Wrong or Rights Part Three

By: Jon Hardison
By: Jon Hardison

Few issues mobilize religious voters more than same-sex marriage, a trend that many political observers expect to continue between now and November, when a proposed constitutional amendment to ban same-sex unions will go to the ballot.

Jason Pettus, Senior Pastor at Living Hope Baptist Church says his church strives to welcome homosexuals, but doesn't condone their lifestyle.

"God loves them. And we want anyone who wants to experience God's love here, and that's what we tell anybody - homosexuals, heterosexuals, whomever. We want them here to hear the gospel," Pettus said.

Pettus admits many churches struggle within their denomination over how to include homosexuals in the congregation, a struggle highlighted by the recent controversy in the Episcopalian church over ordaining gay bishops.

"I don't know if it's the Bible Belt or what exactly it's due to, but there's a whole lot of people hiding," said one local gay woman who asked to remain anonymous.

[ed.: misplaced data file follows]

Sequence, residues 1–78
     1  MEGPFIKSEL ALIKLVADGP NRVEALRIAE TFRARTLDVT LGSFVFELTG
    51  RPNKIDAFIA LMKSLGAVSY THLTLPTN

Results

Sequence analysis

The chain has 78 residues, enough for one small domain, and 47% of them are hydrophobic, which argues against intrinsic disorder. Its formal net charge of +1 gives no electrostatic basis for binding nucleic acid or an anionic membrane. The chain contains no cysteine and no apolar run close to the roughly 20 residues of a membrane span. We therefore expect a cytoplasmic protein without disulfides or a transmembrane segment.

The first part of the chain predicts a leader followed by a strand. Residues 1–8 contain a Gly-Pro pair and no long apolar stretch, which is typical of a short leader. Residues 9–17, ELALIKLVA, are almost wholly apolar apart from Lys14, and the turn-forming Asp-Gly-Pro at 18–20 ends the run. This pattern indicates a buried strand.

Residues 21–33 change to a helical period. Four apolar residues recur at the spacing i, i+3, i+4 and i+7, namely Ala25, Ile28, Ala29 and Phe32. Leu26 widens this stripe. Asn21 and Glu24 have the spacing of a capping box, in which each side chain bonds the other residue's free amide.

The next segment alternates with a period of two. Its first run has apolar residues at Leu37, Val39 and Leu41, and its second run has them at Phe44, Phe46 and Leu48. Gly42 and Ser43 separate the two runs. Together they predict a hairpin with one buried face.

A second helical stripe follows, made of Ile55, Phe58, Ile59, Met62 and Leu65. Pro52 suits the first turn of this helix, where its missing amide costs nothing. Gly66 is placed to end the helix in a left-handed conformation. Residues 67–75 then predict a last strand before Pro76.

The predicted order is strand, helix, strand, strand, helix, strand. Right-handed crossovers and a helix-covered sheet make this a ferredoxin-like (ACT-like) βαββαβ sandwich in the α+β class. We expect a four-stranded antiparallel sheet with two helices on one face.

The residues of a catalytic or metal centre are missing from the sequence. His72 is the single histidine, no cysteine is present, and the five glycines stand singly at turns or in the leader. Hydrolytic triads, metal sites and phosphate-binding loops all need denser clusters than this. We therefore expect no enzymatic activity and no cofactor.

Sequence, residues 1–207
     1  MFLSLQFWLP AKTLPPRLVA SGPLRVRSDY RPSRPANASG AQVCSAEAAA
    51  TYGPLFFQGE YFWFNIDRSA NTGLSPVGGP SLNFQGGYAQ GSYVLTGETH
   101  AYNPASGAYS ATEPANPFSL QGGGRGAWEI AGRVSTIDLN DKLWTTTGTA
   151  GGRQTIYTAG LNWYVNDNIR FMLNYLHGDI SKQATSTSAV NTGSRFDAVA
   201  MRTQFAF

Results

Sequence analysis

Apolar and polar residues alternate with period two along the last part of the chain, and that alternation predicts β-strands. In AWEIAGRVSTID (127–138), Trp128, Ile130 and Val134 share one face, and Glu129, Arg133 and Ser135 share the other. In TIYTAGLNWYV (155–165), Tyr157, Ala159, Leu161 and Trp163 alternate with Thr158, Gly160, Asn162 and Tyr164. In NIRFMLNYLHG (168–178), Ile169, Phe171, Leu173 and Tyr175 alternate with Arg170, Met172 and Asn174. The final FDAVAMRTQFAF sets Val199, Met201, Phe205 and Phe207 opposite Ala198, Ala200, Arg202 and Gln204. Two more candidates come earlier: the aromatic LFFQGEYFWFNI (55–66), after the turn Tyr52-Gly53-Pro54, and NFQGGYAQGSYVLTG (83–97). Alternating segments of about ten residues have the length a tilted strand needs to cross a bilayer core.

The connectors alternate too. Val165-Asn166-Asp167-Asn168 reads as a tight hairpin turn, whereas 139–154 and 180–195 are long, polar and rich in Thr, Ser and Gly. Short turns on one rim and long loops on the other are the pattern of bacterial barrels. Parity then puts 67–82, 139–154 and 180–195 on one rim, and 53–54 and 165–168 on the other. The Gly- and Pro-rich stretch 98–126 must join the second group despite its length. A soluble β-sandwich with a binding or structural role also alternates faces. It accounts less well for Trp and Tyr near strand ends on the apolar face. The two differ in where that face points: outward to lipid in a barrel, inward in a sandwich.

"I'm ready to fight. And I know a whole lot of other people who are ready to step up to the plate, and it's time for the gay community to step up to the plate and be heard."

She says she and other members of the local gay community will step up their efforts to oppose the proposed amendment in the coming months.

The amendment received overwhelming support in both the House and Senate, and is expected to easily pass in November.


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